Leyton Orient needs rid of Francesco Becchetti… he’s abused his power to run it into the ground

Updated: May 1, 2017

To many a modern day football fan the relegation of Leyton Orient from the Football League may seem but a drop in the ocean however, to those embedded in the beautiful game, the drop off of one of England’s longest running clubs will be a hard pill to swallow, and one made even harder given the devastating circumstances surrounding it.

Founded in 1881 as the Eagle Cricket Club, Leyton Orient would go on to spend 112 years in the Football League, making them the second oldest club in England behind Fulham, spending one season in the top flight of English football in the 1962-63 season, along with enduring a successful Cup run to the FA Cup semi-final in 1978 under the stewardship of Jimmy Bloomfield.

With more and more money being injected into the free flowing game, 1995 saw the London club taken under new ownership as sports promoter and long-term O’s fan Barry Hearn bought the club for £5million in partnership with his media company Matchroom Sport and eventually renaming the Brisbane road ground the Matchroom stadium. Times were changing and with Hearn in charge a period of success for Orient was on the horizon.

After suffering a Third Division Play-off final defeat by Blackpool in 2001, form dipped and with the club second bottom of the league in 2003, former player Martin Ling was brought in to resurrect the club. Several years of steady improvement ensued and in the 2005/06 season, Orient gained their first automatic promotion in 36 years, finishing third and ending their 11-year slump in English football’s bottom division.

Steady times followed and Leyton Orient remained solid in League One until the 08-09 season saw the team struggle for results which eventually led to the departure of Ling halfway through the season. Managerial changes proceeded and after Geraint Williams was put in charge for a season, Russell Slade was named manager on the April 3, 2010.

Having previously managed the likes of Brighton and Hove Albion, Grimsby Town, and Yeovil Town, to name a few, Slade boasted a strong and experienced track record, however the four years he spent at the East London club are what he will be remembered for most.

Originally brought in on a temporary basis halfway through the 09-10 season, he managed to keep Orient safe and out of relegation, albeit by the lonesome point, but it was the years that followed in which he endeared himself to the Leyton faithful.

After a poor start the following season, Orient hit great form halfway through the season and went on to record a record-equalling 14 match unbeaten streak before running out of steam towards the end of the season and narrowly missing out on the playoff places. Players, fans, and coaching staff kept their heads aloft however, and after two years of mediocrity, the O’s spurned on to finish third overall in the 2013/14 season, beating Peterborough United in the playoffs, marching onto Wembley to face Rotherham United in the final.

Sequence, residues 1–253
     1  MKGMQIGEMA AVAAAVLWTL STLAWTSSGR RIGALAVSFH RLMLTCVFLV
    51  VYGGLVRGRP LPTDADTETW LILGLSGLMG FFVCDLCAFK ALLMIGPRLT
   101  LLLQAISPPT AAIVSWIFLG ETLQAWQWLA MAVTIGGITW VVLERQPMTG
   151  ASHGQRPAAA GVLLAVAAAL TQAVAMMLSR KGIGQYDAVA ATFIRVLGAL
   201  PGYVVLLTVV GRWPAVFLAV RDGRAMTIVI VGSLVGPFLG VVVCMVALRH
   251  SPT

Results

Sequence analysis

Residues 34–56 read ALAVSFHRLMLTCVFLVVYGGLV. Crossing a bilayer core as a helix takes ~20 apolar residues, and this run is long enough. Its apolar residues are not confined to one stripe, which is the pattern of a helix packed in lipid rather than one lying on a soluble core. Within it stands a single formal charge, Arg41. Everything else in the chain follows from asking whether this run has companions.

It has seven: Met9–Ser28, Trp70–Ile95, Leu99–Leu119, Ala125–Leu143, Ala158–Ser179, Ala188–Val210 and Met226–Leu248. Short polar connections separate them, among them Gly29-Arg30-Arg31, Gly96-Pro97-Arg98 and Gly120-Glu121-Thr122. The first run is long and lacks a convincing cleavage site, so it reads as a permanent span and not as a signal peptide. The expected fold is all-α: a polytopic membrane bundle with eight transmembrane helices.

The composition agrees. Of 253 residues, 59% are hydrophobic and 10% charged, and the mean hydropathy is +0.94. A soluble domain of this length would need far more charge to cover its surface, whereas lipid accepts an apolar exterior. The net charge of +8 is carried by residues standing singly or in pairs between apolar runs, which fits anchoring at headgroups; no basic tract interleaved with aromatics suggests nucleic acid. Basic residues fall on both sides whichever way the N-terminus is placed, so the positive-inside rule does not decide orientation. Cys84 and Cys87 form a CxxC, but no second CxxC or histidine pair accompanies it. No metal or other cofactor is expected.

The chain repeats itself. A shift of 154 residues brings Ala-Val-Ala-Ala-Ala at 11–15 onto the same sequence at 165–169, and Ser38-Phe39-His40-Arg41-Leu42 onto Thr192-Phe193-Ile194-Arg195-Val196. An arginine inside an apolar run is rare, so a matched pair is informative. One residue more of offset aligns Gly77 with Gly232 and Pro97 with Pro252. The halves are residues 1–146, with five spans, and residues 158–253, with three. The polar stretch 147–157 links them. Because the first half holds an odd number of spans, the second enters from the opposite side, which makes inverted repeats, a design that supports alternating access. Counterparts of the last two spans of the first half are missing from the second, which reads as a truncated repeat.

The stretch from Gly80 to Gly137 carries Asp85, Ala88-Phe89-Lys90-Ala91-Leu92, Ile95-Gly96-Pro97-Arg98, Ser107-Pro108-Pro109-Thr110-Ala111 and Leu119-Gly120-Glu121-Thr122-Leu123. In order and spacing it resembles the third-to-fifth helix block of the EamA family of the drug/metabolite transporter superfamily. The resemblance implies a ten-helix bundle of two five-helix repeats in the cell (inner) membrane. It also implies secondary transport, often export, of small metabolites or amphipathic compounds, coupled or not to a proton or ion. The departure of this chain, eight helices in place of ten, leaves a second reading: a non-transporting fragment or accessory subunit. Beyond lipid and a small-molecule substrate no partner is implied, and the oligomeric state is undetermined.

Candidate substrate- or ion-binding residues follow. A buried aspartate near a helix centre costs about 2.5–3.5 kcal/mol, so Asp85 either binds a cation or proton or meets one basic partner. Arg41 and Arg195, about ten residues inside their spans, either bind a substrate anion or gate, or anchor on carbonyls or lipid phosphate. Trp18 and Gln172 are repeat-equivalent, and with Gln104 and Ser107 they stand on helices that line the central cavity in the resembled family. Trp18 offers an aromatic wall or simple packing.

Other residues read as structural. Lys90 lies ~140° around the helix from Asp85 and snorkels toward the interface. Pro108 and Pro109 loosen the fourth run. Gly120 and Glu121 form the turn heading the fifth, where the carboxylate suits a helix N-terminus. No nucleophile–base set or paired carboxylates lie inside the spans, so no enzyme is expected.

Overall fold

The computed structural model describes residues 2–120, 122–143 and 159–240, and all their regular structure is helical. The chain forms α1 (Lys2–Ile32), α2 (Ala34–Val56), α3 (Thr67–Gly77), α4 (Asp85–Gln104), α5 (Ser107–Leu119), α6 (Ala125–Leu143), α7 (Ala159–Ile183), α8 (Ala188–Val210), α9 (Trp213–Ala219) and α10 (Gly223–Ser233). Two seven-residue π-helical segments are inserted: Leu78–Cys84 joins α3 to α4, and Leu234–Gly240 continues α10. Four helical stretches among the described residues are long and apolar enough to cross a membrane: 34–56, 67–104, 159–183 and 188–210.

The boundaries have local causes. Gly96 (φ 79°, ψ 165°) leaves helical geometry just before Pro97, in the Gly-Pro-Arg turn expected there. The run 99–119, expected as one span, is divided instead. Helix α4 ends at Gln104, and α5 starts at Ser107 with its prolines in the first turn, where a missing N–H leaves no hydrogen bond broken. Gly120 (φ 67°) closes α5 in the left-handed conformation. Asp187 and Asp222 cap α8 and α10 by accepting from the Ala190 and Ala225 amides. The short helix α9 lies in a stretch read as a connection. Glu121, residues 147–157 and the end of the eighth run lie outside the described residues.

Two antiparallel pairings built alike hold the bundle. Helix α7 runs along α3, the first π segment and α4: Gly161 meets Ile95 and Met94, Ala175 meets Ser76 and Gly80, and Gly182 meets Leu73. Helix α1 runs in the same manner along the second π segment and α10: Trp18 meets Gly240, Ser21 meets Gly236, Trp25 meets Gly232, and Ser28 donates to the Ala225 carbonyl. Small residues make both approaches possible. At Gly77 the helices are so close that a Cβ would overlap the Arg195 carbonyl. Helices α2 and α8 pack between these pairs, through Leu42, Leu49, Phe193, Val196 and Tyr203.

A fantastic end-to-end action-packed match followed and after 120 minutes of thrilling football, the score was tied at 2-2 with penalties being needed to split the difference. However unfortunately for Orient fans it wasn’t to be, they lost 4-2 in the shootout and it was Rotherham who were promoted to the Championship.

The club was subsequently sold to what Hearn believed was a trusted buyer in Italian businessman Francesco Becchetti, and unbeknown to all at the time, this would spell the eventual end for Leyton Orient in League football as we know it. Subsequent relegation to League Two followed and after an awkward 2015-16 season, this year has been nothing short of a disaster both on and off the field. Five managerial departures this season alone, along with hearings being brought against Becchetti for unpaid taxes, and combined with reports that staff and players haven’t been paid their wages, made the 22nd April 2017 the saddest day in Orient history as their 112 year stay in English League football was brought to an unfortunate and undeserved end.

New ownership is meant to bring with it promise, trust, and a renewed sense of optimism. But for Leyton Orient and its fans, Becchetti’s ownership brought with it anything but that. The so-called businessman has abused his power and used his own personal greed to run one of Britain’s longest serving clubs into the ground. A situation easily avoidable had proper checks been put in place has led to an injustice for the O’s and all associated with the club, but until Becchetti leaves and sells the club then it’s hard to see anything changing.

Becchetti needs rid of and whether the club are in the Premier League or playing non-League football, he will soon learn that unlike himself, it is the fans that are the heartbeat of the club and they will keep fighting day in day out until he is gone. All we can hope for is that Leyton Orient gets back to where they belong and start to rebuild as soon as possible.

By Ryan Walker

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